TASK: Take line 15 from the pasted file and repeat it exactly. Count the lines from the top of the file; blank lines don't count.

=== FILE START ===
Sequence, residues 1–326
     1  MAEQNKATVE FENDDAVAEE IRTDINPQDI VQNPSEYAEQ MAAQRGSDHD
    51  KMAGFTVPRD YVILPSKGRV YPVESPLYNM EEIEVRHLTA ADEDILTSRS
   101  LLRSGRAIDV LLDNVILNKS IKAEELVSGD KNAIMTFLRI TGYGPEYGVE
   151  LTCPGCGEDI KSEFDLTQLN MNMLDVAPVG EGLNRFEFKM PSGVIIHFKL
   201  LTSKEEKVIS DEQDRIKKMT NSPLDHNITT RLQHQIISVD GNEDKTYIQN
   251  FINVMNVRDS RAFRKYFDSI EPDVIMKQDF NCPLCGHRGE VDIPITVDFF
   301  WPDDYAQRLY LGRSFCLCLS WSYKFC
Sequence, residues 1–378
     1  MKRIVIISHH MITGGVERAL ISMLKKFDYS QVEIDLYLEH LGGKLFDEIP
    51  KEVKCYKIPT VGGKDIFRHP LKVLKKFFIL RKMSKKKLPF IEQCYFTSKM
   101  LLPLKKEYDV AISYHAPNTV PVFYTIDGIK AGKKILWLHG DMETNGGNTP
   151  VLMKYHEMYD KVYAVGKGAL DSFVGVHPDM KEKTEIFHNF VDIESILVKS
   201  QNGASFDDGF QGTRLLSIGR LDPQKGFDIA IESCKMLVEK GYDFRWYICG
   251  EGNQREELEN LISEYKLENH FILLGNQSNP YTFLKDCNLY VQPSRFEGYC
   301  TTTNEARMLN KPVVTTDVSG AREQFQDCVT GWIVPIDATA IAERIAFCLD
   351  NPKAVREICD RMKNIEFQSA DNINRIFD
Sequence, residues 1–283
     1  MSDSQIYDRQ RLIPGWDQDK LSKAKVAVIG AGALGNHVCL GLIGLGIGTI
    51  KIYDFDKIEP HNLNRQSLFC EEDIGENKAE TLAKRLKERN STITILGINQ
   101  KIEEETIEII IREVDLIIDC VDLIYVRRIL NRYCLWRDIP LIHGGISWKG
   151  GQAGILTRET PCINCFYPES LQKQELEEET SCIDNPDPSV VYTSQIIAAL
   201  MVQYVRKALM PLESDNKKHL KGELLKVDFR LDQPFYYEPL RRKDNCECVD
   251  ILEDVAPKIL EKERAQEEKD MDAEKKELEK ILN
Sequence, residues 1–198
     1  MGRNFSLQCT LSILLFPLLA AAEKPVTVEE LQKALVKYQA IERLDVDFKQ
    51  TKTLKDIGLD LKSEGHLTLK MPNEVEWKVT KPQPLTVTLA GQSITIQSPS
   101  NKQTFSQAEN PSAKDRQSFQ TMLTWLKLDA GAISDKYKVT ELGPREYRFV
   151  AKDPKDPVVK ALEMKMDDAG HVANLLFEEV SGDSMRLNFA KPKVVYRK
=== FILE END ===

   251  EGNQREELEN LISEYKLENH FILLGNQSNP YTFLKDCNLY VQPSRFEGYC